Trina was sitting in this very nice restaurant, enjoying a very nice meal when she was suddenly consumed by an overwhelming sense of sadness. The emotion hit her like a tidal wave and before she knew it tears were streaming down her face. Trina had no words of explanation to offer her companion for her sudden mood swing. The man was taken aback like most men who hate it when a woman seemingly cries for no good reason at all.

The two had been talking about family, hers and his, and life in general, and out of nowhere she was devastated by a sense of loneliness and despair. Trina regretted the display of emotion, hating to have her friend see her in such a state, especially when she herself was having such a difficult time making sense of the moment.

In general, women are forever holding back their emotions. Expressing our true feelings is reserved for rare moments of solitude. We cry in the shower where no one will know, or scream at the top of our lungs while sitting in a closed car in an empty parking lot. There are times when our dreams and thoughts are these covert opinions that no one else can be privy to. And not because we don’t want to share them but because we are so busy shouldering other people’s stuff that there is no time or place for our own. Then the dam breaks and we explode in frustration or hurt or overwhelming sadness and we cry or scream and on that rare occasion someone bears witness to that side of us we would rather not share.

Trina cried and there weren’t enough words to explain why. And there weren’t enough words because Trina had been holding on to the wealth of her hurt for far too long.


Well, bless my sweet Martha Stewart, I have seen everything now, and much more than anyone really should have gotten a gander at. You have to wonder what this poor girl was thinking. Better still, I want to know what her new mother-in-law was thinking! If nothing else, the girl has some serious stones, and that's a good thing because I don't imagine the new hubby's brass pair are functioning at all...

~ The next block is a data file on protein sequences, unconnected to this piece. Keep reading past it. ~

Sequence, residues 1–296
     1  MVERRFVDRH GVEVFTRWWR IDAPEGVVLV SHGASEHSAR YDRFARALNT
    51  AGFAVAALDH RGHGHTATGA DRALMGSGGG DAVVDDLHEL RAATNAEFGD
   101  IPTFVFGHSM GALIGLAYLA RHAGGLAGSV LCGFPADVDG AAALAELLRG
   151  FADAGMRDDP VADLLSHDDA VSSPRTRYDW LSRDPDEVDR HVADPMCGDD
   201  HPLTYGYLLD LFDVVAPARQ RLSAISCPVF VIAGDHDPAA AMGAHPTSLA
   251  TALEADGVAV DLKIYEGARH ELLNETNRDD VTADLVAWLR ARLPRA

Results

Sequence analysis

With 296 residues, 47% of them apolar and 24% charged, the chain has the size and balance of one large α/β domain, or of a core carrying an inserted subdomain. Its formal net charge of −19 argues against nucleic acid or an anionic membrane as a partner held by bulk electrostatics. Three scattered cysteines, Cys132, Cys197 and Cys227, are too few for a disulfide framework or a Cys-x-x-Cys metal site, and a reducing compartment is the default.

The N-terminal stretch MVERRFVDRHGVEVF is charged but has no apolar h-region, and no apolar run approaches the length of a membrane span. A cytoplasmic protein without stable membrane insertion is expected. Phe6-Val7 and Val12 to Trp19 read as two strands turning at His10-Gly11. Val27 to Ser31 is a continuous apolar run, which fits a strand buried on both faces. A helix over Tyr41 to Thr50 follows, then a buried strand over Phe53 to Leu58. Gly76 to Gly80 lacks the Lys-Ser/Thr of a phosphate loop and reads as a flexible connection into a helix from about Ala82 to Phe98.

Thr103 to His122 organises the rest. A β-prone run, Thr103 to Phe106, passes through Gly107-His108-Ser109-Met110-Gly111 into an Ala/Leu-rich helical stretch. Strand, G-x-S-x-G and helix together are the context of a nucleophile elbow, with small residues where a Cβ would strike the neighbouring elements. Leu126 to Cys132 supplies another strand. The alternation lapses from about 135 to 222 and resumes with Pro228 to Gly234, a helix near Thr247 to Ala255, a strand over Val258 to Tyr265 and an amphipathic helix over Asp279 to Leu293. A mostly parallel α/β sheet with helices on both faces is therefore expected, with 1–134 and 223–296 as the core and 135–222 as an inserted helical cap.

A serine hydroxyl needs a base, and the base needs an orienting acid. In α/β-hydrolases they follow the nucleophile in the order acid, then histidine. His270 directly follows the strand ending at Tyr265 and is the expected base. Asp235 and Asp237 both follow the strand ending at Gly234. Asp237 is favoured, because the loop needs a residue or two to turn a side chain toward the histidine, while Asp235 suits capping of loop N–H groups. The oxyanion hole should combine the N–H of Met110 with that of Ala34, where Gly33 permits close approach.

My, my, my, my, my....


In the ninth grade we were required to take a second language – French or Spanish being our only choices. I desperately wanted to learn French. My father insisted I learn Spanish, refusing to sign the permission slip for French. Back then I had absolutely no use for Spanish. I thought it common. French, however, embodied the sultry, exotic lifestyle I dreamt of one day having. Today, my Spanish is good. I can read it and write it and on occasion, hold a semblance of a conversation in it. Speaking French, however, still remains my secret longing but “bonjour” and “Voulez-vous coucher avec moi, ce soir?”, are the extent of the vocabulary I know.

Many years ago I was blessed to be able to travel internationally. I spent a few nights in Paris, courtesy of that hotel-owning company I was employed with. My command of the language was exceptionally limited and the French are not overly considerate of Americans who cannot converse in their native tongue. None the less I still held onto my youthful dreams of all the sensual pleasures the French language embodied for me.

This weekend I discovered the most adorable book that reawakened every fantasy I ever had about France and the French language. NAUGHTY PARIS: A Lady’s Guide to the Sexy City by Heather Stimmler-Hall took me on a sultry tour of the city on the Seine. It is the most adorable montage of history, facts, and steamy secrets on everything from intimate hotels to erotic museums. This purse-sized, coffee table book and travel guide is beautifully illustrated with some 216 full-color photographs. I was like a kid in a candy store as I consumed the titillating prose and sensual imagery that explored that side of Paris that is still whispering my name.

I don’t often recommend other people’s stuff but when I do you can trust that it truly touched my spirit. Naughty Paris seriously touched a nerve. Described as a naughty guide for good girls this book is also a handy planner for you wicked women as well. After reading it I may well find myself back in Paris sooner than I’d imagined.